Your doctor may suggest a total shoulder replacement surgery if you have shoulder pain so severe that it prevents you from doing simple tasks like reaching into cabinets, sleeping soundly, scrubbing your hair during a wash, or any other symptoms. Your mobility may improve as a result of this surgery. A typical total shoulder replacement procedure which takes one to three hours, is described below.
Checking the patient and administering anesthesia
Before beginning surgery, the patient’s blood pressure, heart rate, body temperature, and oxygenation levels are assessed. Then the affected shoulder is marked before the patient enters the theater to avoid confusion.
After that, the anesthetist administers anesthesia to the patient. Some patients need extra-regional anesthesia to numb the area being operated on. A patient’s anesthetic form is agreed upon before the procedure.
Here is what happens during a total shoulder replacement surgery:
Starting at the top and front of the shoulder and curving along the deltoid muscle, the surgeon cuts about 6 inches long. To access the shoulder joint, the surgeon cuts through deeper tissue, including a rotator cuff tendon.
The glenoid, or socket, of the scapula, is separated from the top of the upper arm bone, known as the humeral head. The surgeon examines the area immediately below the humerus’s rounded head, known as the humeral neck. They remove any bone spurs that may have grown on the humeral neck due to arthritis using an osteotome, and t
he humeral head is removed using a bone saw.
After the surgeon prepares the humerus bone, they install the prosthetic humeral stem. A little, tapered metal shaft called the humeral stem is fitted several inches down into the humerus. This stem’s top is made to accommodate a prosthetic ball that will take the place of the human humeral head. To prepare the shoulder socket (glenoid) for its prosthesis, the surgeon employs a specialized instrument known as a reamer.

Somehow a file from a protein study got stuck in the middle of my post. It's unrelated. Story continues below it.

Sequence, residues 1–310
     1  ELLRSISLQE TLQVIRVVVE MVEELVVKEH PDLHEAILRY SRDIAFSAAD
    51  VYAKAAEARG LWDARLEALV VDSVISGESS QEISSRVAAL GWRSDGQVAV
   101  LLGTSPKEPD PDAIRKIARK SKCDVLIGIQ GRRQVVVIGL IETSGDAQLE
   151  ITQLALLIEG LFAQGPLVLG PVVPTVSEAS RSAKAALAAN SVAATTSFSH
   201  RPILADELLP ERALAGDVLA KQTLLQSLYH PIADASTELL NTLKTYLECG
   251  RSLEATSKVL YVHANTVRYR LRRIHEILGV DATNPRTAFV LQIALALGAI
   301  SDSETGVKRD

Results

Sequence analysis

To allow for easy movement with the prosthetic humeral head, the artificial socket, or glenoid prosthesis, is typically composed of polyethylene. The prosthetics can be cemented-in or cementless (also known as “press fit”) components, depending on how they are attached to the native bone, and the quick-setting bone cement only needs 10 minutes to set.
Once firmly fixed in position, a temporary prosthetic ball is affixed to the top of the humeral stem. The surgeon checks to see if the shoulder joint is easy to move and does not dislocate by inserting the provisional ball into the new socket and moving the shoulder.
The final ball prosthetic will then be attached after the surgeon has dislocated the joint and removed the trial or temporary component. The surgeon places the ball in the new socket while inspecting it for dislocation and ease of motion.
Then the skin incision is sewn or stapled back together once the muscle and other soft tissues that were cut. After the surgery, observation is necessary while the surgical anesthesia wears off.